Their 29-member team at the Games had only four athletes who didn’t punch, grapple, or throw opponents, or shoot arrows or bullets. Two of them were marathoners and two were swimmers who stopped at 100 meters. If they hadn’t gone to college in the States, Baasandavaa and Gantulga probably never would have known port from starboard.
Baasandavaa, who works for the TenGer Financial Group, went to Connecticut College in New London, Conn., where the crew rows on the Thames River, where Harvard and Yale have their annual 4-miler. Gantulga, who was a student at the European College of Liberal Arts in Berlin, spent his junior year abroad at Franklin & Marshall College in the heart of Amish country in Pennsylvania. “I’d seen photos on Facebook of Dulguun rowing and always had wondered how it feels like,” he says. “I tried it, and I absolutely fell in love with it.”
So he and Baasandavaa began talking last year about racing in the Head, even though they had no boat, no boathouse, and nowhere suitable to row. The Tuul River runs through Ulaanbaatar, but it might as well be a ticket to an amusement park ride.
“That river is too fast and too shallow, so we can’t row in that,” says Baasandavaa. “We can probably row at the risk of crashing our boat.”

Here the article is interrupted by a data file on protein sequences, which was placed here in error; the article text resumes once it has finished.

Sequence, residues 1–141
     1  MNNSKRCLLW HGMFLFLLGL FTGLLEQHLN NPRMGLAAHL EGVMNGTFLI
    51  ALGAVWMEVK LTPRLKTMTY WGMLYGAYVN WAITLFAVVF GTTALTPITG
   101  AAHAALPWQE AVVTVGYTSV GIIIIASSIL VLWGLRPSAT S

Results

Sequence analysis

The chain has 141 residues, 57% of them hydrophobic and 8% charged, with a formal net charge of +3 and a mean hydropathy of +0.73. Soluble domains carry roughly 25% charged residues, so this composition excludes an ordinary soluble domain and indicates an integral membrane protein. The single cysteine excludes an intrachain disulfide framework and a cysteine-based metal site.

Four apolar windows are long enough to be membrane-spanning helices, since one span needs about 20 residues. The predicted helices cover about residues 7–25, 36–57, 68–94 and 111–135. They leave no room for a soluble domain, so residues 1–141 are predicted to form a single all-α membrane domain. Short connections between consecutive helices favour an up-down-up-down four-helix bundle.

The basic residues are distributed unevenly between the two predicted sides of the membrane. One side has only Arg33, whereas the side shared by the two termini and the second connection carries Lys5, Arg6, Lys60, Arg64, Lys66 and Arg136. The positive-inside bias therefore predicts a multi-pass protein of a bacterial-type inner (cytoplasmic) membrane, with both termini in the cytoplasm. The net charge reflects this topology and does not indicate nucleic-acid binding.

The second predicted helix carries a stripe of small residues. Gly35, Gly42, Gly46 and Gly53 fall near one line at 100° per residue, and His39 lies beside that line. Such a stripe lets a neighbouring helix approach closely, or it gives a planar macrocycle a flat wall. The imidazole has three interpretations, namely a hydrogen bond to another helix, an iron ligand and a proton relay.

Lake Ogii is rowable, but it’s a couple hundred miles away.
The most sensible route was simply to come to Boston and take to the Rivah, so they took a few weeks off from work and made the 16-hour trip via Seoul and New York. Baasandavaa and Gantulga rented an apartment on Market Street in Brighton, from where they could walk to Community Rowing’s boathouse, where they use a shell borrowed from Boston College. For the last fortnight, they’ve done two 15-kilometer workouts a day, down to the MIT boathouse and back, and they’d do three if their blisters allowed.
The way the Mongolians see it, their practice pulls are a magical mystery tour of King Charles’s fabled waterway, with its bridges and shoreside foliage and the Boston skyline and the Harvard crew cruising past.